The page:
Welcome to Argentina week on Musical Pairings. If you’ve read any of our posts last month, you know that Kasey and I were away on our honeymoon in Argentina. And in honor of our honeymoon, we are going to highlight food and music that we feel is representative of our experience in the three different regions of Argentina we visited: Buenos Aires, Mendoza, and Salta. As you can imagine, we have a lot of great food and music to share from our adventures there. For my part, I searched far and wide to uncover as much great music in Argentina as I could. As Kasey can attest, I asked almost everyone I met about what music was popular in Argentina: cab drivers, guides, waiters, hotel staff, people I met on Twitter, people we met at the airport, and the people working in all of the shops we visited. “¿Quién es su músico preferido?” I received a lot of great recommendations, and a lot of great music: Jaime Torres, Gustavo Cerati, Larenga, No Te Va A Gustar, La Bersuit, Los Nocheros, Bajofondo Tango Club and Patricio Rey y Sus to list a few examples. But in my mind, tango is Buenos Aires’ gift to the world. And of course, I dug through crates of records in antique shops in San Telmo and record stores on Av Corrientes in search of choice cuts of vinyl. And as a result, one of my favorite souvenirs from Buenos Aires is my copy of Astor Piazzolla’s Tango Para Una Ciudad. An album that just sounds like Buenos Aires.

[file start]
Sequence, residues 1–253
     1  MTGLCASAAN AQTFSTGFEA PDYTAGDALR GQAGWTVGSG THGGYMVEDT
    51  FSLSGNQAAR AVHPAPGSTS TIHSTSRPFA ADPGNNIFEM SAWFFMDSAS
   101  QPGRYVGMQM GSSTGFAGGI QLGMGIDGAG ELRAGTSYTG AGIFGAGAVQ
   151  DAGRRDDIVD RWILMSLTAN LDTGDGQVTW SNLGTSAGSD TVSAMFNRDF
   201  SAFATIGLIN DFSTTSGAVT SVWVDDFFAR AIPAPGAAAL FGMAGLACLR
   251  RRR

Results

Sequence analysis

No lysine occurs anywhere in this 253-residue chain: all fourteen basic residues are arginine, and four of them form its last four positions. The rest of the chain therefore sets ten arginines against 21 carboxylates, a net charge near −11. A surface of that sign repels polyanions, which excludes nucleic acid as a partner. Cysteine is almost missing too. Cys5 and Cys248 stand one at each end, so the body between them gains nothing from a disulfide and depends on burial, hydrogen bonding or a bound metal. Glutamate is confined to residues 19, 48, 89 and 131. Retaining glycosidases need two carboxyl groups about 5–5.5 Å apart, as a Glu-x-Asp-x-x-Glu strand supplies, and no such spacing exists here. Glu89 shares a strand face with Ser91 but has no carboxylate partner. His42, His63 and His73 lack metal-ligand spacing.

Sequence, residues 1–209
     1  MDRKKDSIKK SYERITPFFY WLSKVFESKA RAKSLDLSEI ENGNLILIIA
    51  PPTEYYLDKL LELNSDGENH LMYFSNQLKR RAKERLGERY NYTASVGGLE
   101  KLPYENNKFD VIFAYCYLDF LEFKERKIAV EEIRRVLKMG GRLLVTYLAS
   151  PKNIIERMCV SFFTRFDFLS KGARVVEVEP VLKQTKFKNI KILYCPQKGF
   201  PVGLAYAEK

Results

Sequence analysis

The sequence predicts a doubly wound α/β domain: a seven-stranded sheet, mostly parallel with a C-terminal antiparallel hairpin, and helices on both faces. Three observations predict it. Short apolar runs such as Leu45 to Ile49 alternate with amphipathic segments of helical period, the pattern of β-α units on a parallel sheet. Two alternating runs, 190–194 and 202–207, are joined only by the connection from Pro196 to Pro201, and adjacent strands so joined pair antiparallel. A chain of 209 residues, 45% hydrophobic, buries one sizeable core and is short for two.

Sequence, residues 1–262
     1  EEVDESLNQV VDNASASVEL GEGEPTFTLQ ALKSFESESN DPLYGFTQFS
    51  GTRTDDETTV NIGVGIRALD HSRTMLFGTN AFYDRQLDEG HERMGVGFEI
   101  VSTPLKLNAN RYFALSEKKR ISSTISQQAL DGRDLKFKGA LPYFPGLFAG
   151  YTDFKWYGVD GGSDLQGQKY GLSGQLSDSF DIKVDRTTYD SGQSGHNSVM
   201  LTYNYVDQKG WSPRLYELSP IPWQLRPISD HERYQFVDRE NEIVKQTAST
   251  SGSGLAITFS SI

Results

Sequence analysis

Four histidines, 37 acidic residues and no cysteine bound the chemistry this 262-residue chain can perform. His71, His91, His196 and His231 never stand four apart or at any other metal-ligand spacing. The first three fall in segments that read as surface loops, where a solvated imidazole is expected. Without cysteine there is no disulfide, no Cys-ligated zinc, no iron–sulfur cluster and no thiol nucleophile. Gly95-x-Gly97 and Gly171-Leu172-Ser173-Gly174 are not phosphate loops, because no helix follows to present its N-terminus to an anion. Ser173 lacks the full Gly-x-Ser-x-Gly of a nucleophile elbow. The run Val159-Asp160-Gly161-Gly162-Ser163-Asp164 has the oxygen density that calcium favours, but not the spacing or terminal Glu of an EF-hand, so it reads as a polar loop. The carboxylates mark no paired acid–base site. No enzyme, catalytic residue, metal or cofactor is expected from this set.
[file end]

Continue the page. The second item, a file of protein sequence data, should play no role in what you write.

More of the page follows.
Astor Piazzolla is a bandoneon (an accordian-like instrument frequently used in tango) player, a song-writer/composer, and is well-known in Argentina for revolutionizing tango. As the godfather of nuevo tango, Piazzolla infused traditional tango music with elements of jazz and classical music. Tango Para Una Ciudad was released in 1963, and is an excellent example of the way he managed to successfully marry tango and jazz. And “El Mundo De Los Dos” which features vocals by Hector de Rosas is almost palpably melancholy. The vocal work is beautifully highlighted by a female chorus, and the composition allows Hector de Rosas voice to float gently through the song’s instrumentation. The track “Buenos Aires Hora Cero” is both sophisticated and quirky. It is restrained and noiseless in a way that allows the instruments to reverberate across the sonic landscape thereby calling to mind city night life in what is probably one of the most European of South American cities. There isn’t a bad song on the entire album, but other favorites for me include the title-tracks, as well as, “Cafetin de Buenos Aires” and “Iracundo.”